Precious few of these children will be gifted bikes they can ride safely. The majority, of course, will be supermarket tat, with paper-mache ball-bearings and tin-can headsets. But not all IBD bikes are terribly tot-friendly either. No doubt this is a reflection of market attitudes. Parents think their kids will outgrow their first bicycles quickly so don’t want to spend too much.
Because parents don’t want to spend too much, bike shops usually can’t be bothered to service such a low profit sector. There are quality kids bikes out there (and not horrendously expensive either), it’s just a shame they don’t get wider circulation.
I run a ‘teaching tots to cycle’ session at my local primary school. This is different to the Go Ride course for bike confident youngsters I take on Friday afternoons. After the tots crack the balancing trick (I use Likeabikes) the next task is to get them to stop, not an easy thing to teach when the bikes being used are so shoddy.
I urge parents to buy better bikes, and to go to friendly local independents rather than Asda. For the most part, this they do, something that really pleases me. Not only are the kids getting turned on to cycling at an important early age, their parents are introduced to quality, life-affirming bicycle retailers.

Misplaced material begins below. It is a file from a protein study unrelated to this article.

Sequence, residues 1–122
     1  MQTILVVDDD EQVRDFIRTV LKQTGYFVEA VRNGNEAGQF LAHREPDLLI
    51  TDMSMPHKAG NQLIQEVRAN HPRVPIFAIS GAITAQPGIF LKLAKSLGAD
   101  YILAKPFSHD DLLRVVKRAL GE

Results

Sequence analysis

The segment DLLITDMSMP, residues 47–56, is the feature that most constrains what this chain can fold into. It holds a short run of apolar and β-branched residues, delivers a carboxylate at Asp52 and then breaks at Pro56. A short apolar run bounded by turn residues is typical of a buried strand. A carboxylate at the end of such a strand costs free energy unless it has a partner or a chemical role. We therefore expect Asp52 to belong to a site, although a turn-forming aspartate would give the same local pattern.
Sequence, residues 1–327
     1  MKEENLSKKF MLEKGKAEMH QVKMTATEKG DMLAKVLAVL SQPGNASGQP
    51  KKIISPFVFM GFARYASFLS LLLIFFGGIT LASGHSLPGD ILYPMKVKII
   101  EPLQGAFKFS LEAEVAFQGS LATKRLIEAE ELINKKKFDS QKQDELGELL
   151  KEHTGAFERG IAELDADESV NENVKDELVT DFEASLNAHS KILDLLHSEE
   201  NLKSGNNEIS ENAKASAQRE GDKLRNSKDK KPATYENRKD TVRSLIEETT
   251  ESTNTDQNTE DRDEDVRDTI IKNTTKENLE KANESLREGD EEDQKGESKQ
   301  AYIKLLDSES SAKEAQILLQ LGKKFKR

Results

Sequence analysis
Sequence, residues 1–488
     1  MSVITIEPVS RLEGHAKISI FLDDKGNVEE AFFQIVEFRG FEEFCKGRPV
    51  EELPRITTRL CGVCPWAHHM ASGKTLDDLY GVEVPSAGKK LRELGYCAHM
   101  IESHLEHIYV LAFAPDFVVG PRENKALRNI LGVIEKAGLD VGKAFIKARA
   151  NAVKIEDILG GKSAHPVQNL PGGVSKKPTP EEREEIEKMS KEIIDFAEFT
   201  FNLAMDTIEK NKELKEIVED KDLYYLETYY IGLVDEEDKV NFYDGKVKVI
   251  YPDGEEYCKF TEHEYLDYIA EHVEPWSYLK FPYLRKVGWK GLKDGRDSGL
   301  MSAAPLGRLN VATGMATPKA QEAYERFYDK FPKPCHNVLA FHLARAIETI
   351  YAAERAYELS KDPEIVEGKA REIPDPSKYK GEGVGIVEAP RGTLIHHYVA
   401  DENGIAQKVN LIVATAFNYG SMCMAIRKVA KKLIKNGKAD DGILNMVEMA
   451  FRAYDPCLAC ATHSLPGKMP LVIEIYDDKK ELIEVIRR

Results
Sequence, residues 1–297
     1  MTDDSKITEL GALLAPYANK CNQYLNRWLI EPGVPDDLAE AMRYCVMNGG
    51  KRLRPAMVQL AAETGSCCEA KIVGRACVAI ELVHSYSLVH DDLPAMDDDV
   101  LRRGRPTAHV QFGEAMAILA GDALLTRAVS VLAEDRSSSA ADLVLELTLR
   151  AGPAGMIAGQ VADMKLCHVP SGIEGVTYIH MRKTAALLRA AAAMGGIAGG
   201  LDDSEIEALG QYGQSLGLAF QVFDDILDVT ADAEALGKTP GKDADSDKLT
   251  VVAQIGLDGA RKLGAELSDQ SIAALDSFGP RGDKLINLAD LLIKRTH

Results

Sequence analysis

Talking about life affirming, I guess you’ll now know about the chance Sustrans has of bagging 50 million quid just before Christmas. The bike route charity has made it on to a shortlist of four ‘national’ projects which will all be televised on an ITV programme in early December. It’s a beauty pageant, and one in which cycling is the most beautiful contestant. The other projects are worthy, but fixed to small geographical areas (such as Sherwood Forest or the Eden Project in Cornwall).
The Sustrans Connect2 project is truly national. On November 26th you can start voting online. Go to Sustrans.org.uk for details.
If Sustrans wins the £50m, cycling is the winner, too, growing in popularity. More cyclists equals more customers. Vote for Sustrans!